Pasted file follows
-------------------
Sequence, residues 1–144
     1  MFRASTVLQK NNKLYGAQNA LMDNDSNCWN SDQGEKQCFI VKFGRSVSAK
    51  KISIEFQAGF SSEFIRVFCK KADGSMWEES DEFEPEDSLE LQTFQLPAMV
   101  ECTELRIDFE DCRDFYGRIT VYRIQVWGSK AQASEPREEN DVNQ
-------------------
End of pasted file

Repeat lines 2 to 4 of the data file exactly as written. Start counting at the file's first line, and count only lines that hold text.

     1  MFRASTVLQK NNKLYGAQNA LMDNDSNCWN SDQGEKQCFI VKFGRSVSAK
    51  KISIEFQAGF SSEFIRVFCK KADGSMWEES DEFEPEDSLE LQTFQLPAMV
   101  ECTELRIDFE DCRDFYGRIT VYRIQVWGSK AQASEPREEN DVNQ